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By beth mcarthur
Publish Date: 20-Oct-2005
usual spoiler warnings for reviews
Starring Charlize Theron, Frances McDormand, Sean Bean, and Woody Harrelson. Rated 18A. For showtimes, please see page 70
North Country is the feel-good downer of the year. The gripping movie, set in the late '80s, focuses on a real-life whistle blower who launched a sexual-harassment lawsuit against a Minnesota mining company. We're not talking some jerk reciting a dirty limerick in front of the typing pool. In North Country, globs of ejaculate are smeared on the women's clothing. Cunts replaces fuck as the blue-collar obscenity of choice. Terrorized women become so frightened of using the portable toilet in front of their abusive coworkers that they hold their pee until they get bladder infections. The court battle that followed savagely degraded North Country's heroine, with its smearing of her as a slut.
When we meet her, Josey Aimes (Charlize Theron) is a battered wife who's moved herself and two kids in with her parents. After taking a lucrative job at the mine at the behest of an old friend (Frances McDormand), the harassment begins almost immediately. Despite the legitimacy of her grievance and similarly abused coworkers, Josey becomes the town pariah. Seeing her vilified by her father (Richard Jenkins), who's ashamed of her, her truculent teenage son (Thomas Curtis), and the male-friendly union is squirm-making enough. More disturbing is that the “sisterhood” itself, fearful to rock the boat, becomes some of Josey's harshest critics. Theron's red-rimmed eyes repeatedly telegraph how dreadful this all is.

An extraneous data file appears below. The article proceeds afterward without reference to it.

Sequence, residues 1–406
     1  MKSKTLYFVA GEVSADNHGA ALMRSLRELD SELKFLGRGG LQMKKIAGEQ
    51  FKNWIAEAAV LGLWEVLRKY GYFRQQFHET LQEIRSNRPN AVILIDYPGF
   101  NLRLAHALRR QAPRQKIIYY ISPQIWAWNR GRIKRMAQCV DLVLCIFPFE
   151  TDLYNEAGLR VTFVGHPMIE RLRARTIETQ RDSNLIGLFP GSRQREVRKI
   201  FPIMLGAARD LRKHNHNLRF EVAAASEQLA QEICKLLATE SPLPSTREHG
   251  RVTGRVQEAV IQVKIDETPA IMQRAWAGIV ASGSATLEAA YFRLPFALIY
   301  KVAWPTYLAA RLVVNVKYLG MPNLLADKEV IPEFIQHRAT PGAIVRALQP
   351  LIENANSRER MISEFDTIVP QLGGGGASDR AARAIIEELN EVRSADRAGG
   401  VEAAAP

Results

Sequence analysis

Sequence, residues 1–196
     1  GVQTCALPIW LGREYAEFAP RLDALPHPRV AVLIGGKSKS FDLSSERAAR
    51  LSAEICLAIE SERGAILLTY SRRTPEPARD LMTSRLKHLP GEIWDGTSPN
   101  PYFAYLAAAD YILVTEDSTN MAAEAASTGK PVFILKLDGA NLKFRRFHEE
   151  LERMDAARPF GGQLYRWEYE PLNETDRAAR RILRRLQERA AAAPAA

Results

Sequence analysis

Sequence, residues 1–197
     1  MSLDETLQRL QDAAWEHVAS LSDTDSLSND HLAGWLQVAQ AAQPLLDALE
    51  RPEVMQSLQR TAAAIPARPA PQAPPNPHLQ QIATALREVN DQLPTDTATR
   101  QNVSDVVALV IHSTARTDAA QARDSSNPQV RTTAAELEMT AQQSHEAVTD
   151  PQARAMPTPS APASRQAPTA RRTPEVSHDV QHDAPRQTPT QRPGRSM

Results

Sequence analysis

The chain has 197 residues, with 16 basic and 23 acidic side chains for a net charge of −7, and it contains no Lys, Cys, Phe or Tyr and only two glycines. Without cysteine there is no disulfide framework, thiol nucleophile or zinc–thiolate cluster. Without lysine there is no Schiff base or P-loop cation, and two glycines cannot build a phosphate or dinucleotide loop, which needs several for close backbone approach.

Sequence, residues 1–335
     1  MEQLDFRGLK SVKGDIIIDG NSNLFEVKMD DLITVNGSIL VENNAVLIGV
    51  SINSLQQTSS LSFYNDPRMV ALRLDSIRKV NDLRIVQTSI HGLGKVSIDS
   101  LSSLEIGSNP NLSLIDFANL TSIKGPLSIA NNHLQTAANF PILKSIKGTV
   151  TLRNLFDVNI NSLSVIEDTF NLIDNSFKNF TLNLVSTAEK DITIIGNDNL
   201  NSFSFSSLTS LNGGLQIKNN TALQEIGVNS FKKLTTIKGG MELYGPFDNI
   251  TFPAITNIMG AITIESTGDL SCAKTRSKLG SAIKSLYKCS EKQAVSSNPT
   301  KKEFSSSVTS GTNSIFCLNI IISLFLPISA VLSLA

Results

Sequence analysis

So why does it feel good? Like Norma Rae Webster and Karen Silkwood, Aimes's courage to break with the herd and take on The Man make her a powerful role model, despite her blond shag and cigarette smoking. Directed by Niki Caro, whose Whale Rider explored similar, though more subtle, paternalistic themes, North Country is well-written (by Michael Seitzman) and superbly acted. Mindful to also depict nice guys, it shores up Theron with a mellowed-out Sean Bean and Woody Harrelson as, respectively, McDormand's solid husband and Josie's affable lawyer.
It's not perfect. When one character is afflicted with Lou Gehrig's disease and uses Herculean effort to talk, the whirring of Hollywood's sentimental-goo machine is almost audible. Hard-nosed people have miraculous changes of heart. And, as in the scene where Josey watches the Anita Hill–Clarence Thomas hearings on television and her mother (Sissy Spacek) tsks, "that poor man's family", North Country fairly drips with prejudicial utterances against women's credibility and capabilities, ones that seem inserted to inflame liberated audiences. That said, it speaks well of our human-rights progress 15 years on that a local audience's horrified gasps at the ignorant mindset endemic throughout the film's Minnesota locale were as loud as at scenes of actual abuse.